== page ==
Monsignor William A. Kerr, a leading human rights activist and a highly regarded friend of Rwanda, has passed on. He died on Wednesday while hospitalised at Tallahassee Memorial Hospital (TMH).
The former president of LaRouche College in Pittsburgh, United States of America, Kerr, 68, suffered a stroke during mass. According to the Rwandan Minister of Education, Daphrose Gahakwa, Kerr was a close friend of Rwanda.
“It is extremely very sad, Rwanda and the Ministry of Education have lost a good friend,” said Gahakwa.
She emphasized; “Rwanda has lost a good friend, and the world has lost a true visionary. We are extremely saddened by this loss.”
The seemingly saddened Gahakwa added; “when he was admitted to the hospital, the President’s Office and my Ministry were informed; we kept following up his health closely until the last minute.”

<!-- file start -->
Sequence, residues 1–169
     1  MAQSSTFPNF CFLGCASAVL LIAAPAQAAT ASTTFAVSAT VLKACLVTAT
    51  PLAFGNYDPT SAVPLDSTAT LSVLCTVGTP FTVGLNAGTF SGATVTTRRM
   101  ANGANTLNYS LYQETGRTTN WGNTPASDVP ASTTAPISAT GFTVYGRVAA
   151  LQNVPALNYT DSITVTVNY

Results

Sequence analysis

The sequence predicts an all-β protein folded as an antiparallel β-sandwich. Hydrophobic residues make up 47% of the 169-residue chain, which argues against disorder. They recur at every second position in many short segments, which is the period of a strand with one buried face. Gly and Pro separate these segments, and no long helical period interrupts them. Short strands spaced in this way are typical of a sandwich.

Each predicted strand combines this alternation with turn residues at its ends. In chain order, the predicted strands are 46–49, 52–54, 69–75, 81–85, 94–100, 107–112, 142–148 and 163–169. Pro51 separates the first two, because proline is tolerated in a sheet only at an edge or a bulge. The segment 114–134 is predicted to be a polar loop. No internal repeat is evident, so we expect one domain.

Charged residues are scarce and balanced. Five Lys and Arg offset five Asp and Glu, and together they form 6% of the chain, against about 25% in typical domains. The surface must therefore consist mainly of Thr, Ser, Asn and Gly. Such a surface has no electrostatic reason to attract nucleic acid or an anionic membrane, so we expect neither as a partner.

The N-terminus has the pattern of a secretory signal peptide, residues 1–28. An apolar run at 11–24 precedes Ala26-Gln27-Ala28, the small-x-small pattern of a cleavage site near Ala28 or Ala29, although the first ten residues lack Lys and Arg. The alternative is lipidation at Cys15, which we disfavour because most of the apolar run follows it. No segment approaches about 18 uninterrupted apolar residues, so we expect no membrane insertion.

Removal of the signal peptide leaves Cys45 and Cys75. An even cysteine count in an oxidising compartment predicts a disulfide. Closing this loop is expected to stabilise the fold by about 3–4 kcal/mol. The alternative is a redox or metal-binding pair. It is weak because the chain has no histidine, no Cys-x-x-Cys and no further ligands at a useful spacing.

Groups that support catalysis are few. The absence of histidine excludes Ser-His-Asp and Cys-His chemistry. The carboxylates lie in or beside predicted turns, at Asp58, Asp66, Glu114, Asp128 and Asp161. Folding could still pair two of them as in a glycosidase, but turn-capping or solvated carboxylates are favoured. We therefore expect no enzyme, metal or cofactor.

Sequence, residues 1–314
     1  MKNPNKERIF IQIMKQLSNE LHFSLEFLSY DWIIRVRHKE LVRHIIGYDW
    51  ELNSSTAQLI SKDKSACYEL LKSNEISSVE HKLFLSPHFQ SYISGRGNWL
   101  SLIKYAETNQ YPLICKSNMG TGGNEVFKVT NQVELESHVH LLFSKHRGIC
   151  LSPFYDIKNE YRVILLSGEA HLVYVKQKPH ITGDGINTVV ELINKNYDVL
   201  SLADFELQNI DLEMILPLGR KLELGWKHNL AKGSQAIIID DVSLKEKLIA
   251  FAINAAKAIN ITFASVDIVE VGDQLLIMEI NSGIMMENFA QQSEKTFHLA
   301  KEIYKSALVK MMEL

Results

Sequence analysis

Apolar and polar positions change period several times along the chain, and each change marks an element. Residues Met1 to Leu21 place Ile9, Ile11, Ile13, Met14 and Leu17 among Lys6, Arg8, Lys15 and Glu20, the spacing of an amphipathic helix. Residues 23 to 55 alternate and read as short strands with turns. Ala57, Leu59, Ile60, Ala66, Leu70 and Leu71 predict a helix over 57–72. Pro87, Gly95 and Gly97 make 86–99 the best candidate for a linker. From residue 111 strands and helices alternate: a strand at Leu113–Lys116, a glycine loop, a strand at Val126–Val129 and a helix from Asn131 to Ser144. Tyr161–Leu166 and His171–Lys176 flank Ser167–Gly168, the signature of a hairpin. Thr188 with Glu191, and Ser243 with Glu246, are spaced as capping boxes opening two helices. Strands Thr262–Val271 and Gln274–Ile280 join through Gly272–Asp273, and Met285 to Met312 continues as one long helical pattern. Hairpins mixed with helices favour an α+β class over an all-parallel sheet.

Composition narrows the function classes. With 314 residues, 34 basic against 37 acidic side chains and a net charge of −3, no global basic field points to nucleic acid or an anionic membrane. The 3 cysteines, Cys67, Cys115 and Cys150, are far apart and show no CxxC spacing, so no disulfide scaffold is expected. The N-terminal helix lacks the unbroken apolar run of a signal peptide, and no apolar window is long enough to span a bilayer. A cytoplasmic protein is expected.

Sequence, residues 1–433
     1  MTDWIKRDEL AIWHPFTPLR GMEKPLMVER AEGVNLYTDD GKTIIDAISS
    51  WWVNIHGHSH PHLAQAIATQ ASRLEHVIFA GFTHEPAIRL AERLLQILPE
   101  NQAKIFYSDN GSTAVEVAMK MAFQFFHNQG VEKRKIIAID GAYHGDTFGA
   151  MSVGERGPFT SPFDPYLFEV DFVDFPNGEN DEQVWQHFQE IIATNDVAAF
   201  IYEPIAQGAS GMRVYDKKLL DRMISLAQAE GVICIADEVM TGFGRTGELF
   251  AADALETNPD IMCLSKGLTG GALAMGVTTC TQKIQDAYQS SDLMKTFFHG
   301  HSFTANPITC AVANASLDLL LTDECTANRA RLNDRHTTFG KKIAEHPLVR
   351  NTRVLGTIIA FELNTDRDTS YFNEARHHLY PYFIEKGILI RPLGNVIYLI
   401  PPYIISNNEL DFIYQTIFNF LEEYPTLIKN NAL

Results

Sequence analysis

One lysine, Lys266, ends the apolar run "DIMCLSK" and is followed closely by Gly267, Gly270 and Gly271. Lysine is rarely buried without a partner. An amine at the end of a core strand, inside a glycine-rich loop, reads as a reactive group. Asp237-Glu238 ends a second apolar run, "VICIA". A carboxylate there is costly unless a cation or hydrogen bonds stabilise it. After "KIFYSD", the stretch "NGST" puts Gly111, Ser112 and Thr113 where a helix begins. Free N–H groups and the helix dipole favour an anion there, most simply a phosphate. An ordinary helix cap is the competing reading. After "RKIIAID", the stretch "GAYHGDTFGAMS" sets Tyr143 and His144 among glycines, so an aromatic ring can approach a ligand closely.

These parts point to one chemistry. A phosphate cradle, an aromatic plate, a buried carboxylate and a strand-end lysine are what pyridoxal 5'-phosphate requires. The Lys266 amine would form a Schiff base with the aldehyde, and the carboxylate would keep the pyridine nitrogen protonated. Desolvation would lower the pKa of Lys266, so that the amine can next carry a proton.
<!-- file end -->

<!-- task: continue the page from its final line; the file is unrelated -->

Senator Joseph Karemera, back then when he was Minister of Education was one of the people who worked closely with Kerr.
Karemera said; “Kerr contributed significantly to the development of our human resource; during his time at LaRouche, he facilitated over 130 Rwandan students to study at the university.” He added that Kerr advocated for Rwanda at different forums.
Before his death, Kerr was the Executive Director of the Claude Pepper Centre at Florida State and was also highly known as a man with countless friends around the world.
Significant to that is that US Vice President Joe Biden called several times in an attempt to talk to Kerr during his final days.
Their friendship dates back to the 1980s, when Kerr was vice president for university relations at Catholic University of America, while Biden was in the Senate.
Kerr earned a doctorate in diplomatic studies and a master’s in American studies at the Florida State University. He also served as executive director of Pope John Paul II Cultural Centre in Washington, D.C.
Kerr is famously remembered when Ted Bundy, a serial killer sought him out to be his spiritual counselor while the latter was on death row.